The APS cell replication feature repeats a connection using the switch fabric 102. More specifically, a number of registers, referred to herein as slot remap registers, are programmed into each switch planes 206 1 . . . 206 N, such that when traffic is passed to an egress slot 1 (ES1), the traffic is also copied to an egress slot 2 (ES2) where ES1 (active line) is protected by ES2 (standby line). Thus, unlike the prior technology that repeats connections electrically, the APS cell replication feature repeats the connections logically through software control and there is no limitation on transmission speed. Additionally, since the APS cell replication feature is controlled logically through software control, a given line can protect “n” or any combination of lines, whereas with prior technology, lines physically next to each other were assigned to each other for APS protection.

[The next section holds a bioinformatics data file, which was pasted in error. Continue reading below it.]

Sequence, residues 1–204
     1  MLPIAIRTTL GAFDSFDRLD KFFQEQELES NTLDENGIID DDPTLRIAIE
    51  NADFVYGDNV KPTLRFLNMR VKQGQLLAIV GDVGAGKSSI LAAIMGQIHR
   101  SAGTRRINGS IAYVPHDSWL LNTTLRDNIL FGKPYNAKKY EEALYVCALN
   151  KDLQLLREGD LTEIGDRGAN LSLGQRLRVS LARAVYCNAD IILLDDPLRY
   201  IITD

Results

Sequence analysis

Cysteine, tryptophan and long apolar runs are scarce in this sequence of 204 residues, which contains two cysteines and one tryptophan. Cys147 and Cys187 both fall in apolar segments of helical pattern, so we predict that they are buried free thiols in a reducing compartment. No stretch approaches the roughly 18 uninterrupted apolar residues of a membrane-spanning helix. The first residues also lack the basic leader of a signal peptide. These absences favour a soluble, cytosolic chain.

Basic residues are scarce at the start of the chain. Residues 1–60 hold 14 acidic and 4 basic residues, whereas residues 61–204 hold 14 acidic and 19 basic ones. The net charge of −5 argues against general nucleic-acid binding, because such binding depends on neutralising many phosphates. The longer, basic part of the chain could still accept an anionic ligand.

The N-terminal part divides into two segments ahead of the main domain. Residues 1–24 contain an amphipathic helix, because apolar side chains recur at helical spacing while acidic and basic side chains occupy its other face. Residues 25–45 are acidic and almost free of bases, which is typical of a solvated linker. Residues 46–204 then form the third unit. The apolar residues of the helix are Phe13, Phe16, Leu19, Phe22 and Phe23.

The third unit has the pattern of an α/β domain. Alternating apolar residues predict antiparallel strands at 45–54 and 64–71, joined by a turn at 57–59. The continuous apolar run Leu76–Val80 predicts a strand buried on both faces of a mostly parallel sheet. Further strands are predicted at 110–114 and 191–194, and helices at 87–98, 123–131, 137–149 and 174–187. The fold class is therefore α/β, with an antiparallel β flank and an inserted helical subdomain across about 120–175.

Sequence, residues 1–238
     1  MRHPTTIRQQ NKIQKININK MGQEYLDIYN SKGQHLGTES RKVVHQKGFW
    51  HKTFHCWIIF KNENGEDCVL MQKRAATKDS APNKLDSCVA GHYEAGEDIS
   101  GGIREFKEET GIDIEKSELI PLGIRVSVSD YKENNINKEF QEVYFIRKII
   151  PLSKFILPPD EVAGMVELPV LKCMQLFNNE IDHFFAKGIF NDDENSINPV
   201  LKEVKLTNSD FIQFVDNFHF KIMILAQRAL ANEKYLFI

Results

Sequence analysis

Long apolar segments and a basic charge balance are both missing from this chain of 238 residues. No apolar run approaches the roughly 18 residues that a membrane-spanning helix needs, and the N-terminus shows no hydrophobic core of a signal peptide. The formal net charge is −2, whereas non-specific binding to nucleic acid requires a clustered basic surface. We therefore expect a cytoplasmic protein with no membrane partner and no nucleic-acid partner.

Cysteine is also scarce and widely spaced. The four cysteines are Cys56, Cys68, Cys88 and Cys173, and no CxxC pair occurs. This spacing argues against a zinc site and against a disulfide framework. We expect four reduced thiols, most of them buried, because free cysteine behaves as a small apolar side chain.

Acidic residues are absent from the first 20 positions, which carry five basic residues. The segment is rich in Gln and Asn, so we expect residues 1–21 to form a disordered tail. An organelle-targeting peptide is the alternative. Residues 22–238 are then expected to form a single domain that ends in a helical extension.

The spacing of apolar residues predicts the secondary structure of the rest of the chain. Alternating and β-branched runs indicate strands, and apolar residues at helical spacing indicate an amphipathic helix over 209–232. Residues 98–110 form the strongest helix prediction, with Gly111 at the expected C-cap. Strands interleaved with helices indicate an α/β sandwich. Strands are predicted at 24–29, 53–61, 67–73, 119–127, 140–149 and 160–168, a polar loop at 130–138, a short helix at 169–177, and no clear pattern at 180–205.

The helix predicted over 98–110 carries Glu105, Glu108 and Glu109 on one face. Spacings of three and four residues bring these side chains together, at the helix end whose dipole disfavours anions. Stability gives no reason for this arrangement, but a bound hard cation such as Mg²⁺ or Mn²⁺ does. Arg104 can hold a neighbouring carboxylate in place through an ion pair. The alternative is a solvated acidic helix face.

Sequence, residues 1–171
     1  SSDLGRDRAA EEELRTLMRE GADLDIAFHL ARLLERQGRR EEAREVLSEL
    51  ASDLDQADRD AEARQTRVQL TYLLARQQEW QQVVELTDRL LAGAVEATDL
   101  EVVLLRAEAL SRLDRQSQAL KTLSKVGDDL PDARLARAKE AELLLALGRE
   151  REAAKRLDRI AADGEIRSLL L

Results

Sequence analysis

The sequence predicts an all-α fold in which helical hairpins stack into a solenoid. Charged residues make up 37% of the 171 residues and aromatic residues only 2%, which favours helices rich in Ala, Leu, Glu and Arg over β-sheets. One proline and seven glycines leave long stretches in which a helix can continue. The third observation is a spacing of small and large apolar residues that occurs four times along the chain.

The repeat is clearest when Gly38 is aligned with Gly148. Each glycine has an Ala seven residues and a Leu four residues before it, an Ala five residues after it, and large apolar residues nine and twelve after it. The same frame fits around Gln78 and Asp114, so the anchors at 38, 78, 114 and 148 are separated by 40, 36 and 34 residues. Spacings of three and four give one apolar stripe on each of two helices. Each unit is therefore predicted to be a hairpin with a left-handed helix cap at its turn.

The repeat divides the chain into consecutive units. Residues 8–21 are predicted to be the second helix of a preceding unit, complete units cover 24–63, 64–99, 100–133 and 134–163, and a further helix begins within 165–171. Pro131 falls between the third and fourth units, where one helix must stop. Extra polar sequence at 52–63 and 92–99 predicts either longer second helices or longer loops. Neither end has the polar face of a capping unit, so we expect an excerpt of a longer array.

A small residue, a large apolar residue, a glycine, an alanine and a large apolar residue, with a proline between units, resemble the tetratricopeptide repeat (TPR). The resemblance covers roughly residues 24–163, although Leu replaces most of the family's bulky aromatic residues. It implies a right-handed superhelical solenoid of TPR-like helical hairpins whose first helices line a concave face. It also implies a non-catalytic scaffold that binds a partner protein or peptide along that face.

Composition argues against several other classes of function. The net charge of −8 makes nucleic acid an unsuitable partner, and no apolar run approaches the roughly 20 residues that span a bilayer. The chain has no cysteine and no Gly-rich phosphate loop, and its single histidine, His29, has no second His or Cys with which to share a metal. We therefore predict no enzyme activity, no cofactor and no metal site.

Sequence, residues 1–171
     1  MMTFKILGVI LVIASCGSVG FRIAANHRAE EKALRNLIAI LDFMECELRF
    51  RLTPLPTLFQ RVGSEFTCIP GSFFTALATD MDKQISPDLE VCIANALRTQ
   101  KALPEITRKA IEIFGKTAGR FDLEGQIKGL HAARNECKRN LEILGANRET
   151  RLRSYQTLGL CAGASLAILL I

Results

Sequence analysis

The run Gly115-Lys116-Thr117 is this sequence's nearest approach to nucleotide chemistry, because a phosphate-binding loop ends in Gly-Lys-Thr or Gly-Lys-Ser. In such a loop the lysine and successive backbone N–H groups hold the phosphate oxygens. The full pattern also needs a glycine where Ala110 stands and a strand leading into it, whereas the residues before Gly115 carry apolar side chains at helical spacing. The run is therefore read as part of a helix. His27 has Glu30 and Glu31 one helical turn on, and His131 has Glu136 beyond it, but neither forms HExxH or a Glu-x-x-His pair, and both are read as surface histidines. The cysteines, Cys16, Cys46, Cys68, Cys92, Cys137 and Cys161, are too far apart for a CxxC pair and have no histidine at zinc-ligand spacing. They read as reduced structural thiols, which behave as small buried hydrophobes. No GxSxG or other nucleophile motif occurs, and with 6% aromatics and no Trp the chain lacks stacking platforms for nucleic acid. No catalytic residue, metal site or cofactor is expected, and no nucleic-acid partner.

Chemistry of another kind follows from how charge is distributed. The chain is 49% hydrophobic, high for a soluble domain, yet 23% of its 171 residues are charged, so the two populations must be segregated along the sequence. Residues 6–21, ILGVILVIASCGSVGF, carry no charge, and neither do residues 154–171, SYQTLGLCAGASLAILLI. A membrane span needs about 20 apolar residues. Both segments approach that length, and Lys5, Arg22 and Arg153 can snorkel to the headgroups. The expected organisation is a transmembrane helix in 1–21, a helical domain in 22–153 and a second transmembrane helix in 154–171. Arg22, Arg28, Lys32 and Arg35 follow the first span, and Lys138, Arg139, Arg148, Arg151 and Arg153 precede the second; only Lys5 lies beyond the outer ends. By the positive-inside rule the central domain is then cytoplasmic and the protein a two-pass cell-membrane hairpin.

For one embodiment, the scheduler 215 has N signal inputs 408 1 . . . 408 N and N signal outputs 410 1 . . . 410 N and provides control signals 406 1 . . . 406 N to the crossbar 213. The signal inputs 408 1 . . . 408 N to the scheduler 215 are requests for data transmission through the crossbar 213, and the signal outputs 410 1 . . . 410 N are grants (i.e. acknowledgements to the requests).
The crossbar 213 has N data in signals 412 1 . . . 412 N and N data out signals 414 1 . . . 414 N and is an N by N spatial crossbar that may have N concurrent events such as N data coming in and N data going out. Only data for which a request for transmission is granted by the scheduler 215 is processed through the crossbar 213.
Both the crossbar 213 and the scheduler 215 receive mapping information 422 from software configurable slot remap registers 416 1 . . . 416 N. Mapping information 422 identifies the data out destination slots 414 1 . . . 414 N to which data is to be transmitted through the crossbar 213.